When I took a job in Newfoundland, I knew the move was going to be a hassle. Never mind how much of a pack rat I am, and how much stuff I had accumulated my 8 years in Guelph (including a piano I wasn’t ready to give up), there were four things that were coming with me no matter what: my dog and three cats.
We thought about road tripping it. The challenge being I couldn’t drive and we’d need some sized vehicle to comfortably take them all. And it would take at least 5 days to get from Guelph to St John’s. Understandably, my dad didn’t much fancy using up all that vacation time. Plus, he didn’t much fancy a 5 day road trip home all by his lonesome.
So flying it was.
Let’s start with Ollie, my 90lb beast of a dog.
To have a dog as part of your checked luggage there are both weight and height/width dimensions you have to meet. Ollie was within the weight restrictions on his own, but not so much once he was in a kennel… and the dog needs to be able to easily stand upright in the kennel, and a kennel meeting the height/width requirements would not have let him do that.
So what’s left? Live Cargo. Air Canada Live Cargo, to be specific. I got a kennel and booked him a flight. I did my best to try to have us arriving in NL around the same time… but it was most important that he be leaving Toronto before me so I could drop him off at the cargo centre before I went and checked into my own flight. So he was going to arrive in St John’s a few hours before me. Fortunately, one of my new coworkers who I had never met or spoken to yet was willing to pick him up from the airport and bring him to the clinic for the night. I work with really nice people.
Dogs are shipped by live cargo a lot – it’s how people get pure bred puppies from far away breeders, how dogs get to shows all over the place, and it’s how many dogs in Newfoundland who need specialized medical care get to a referral centre. When people are shipping their pet for the first time, they often ask after medication to sedate the animal. . . airlines kind of frown on this now, and so do many veterinarians. It doesn’t actually do anything for the fear and anxiety the animal is feeling, it just makes them sleepy. And if it has a profound effect, the airline staff are unsure of the health of the animal – is it sedated, or sick?
That being said, some dogs are basket cases and need the edge to be taken off or they’ll hurt themselves. I’ve certainly prescribed a sedative for travelling if the owner is aware of the risks, the reasons not to, and is certain their animal is one of those basket cases. Ollie, thankfully, is not one of those dogs. He loves his kennel and he’s a super awesome dog. He didn’t have any accidents, and was a delightful happy boy when he got to the clinic in St John’s.
So, dog taken care of… how about my 3 cats?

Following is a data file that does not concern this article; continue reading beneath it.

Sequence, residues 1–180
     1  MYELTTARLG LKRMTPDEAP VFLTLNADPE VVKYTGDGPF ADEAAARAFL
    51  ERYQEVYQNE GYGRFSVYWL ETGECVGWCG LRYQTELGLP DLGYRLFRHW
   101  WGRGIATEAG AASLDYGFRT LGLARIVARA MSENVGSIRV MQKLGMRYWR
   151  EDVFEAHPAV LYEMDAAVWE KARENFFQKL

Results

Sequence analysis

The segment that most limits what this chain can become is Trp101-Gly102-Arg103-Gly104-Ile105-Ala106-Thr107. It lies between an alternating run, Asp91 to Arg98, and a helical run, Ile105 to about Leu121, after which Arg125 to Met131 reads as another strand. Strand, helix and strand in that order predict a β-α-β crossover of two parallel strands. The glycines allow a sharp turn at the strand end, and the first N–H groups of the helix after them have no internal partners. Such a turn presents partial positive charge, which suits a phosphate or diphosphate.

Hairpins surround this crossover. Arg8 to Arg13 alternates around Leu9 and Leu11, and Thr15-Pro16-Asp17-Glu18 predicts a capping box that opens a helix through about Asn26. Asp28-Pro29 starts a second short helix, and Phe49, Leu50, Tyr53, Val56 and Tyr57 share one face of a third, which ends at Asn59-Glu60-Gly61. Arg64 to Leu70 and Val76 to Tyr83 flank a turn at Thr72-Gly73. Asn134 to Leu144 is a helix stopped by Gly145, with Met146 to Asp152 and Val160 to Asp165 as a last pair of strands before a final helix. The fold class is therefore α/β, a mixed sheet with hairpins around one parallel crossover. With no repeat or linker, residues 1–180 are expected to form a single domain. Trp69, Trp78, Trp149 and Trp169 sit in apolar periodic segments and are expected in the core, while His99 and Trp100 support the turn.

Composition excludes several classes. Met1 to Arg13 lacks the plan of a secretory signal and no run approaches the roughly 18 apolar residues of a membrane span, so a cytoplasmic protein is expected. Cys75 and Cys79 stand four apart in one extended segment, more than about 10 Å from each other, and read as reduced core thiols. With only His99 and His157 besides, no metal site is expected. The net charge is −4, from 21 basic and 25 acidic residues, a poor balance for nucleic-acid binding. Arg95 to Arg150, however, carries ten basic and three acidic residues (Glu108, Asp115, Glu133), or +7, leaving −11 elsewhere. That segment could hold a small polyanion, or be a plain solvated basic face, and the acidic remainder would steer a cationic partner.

Air Canada was no good to me here – they’ll only take animals in the baggage compartment, not in cabin… and I wasn’t about to put my 19-year-old cat in the baggage compartment. So I called West Jet, and they became my new favourite air line EVER. They were super helpful. You’re only allowed 1 animal in cabin per passenger, so I already had my dad coming with me… and offered my brother a free trip to St John’s if he’d escort my third cat. Spoke to a customer service lady who got things all arranged (3 people, 3 cats, from Toronto to St John’s, then one person back to Ottawa and one person back to Toronto), and I was good to go!
I had to get soft squishy carrier for them, for shoving under the seat ahead of me. I didn’t sedate any of them, they all travelled in the car well, and so I figured the plane wouldn’t be much different. The most stressful the part was going through security –you have to take the animal out of the carrier and carry them through the metal detector while the carrier goes through the scanner. Neither my brother nor my father were okay with this, so I had to do all three cats myself. Not gonna lie, my one cat Tristan is a squirmer and I was sure he’d get out of my arms and what fun that would be… but it came off without incident.
Bonus to travelling with a cat? They won’t put anyone in the seat next to you. So it was me, empty seat, my dad, aisle, my brother, empty seat, random stranger. And we got to board in preboarding.
The flight attendant loved the cats and the people sitting around us didn’t even know they were there until the end of the flight when we took them out from under the seats. Tristan did a few rolls and twists, but Fluff and Stewie didn’t even move for the whole flight.
So, there was a lot of phone calls and arrangements to be made, but I got them all to St John’s with me. And if I ever leave Newfoundland, I hope it happens to be when I am freakishly short on pets….
(and if you have a cat or a small dog and are travelling I would highly recommend using West Jet for your flying needs! I would have been a basket case myself if I had had to put Fluff through checked baggage…)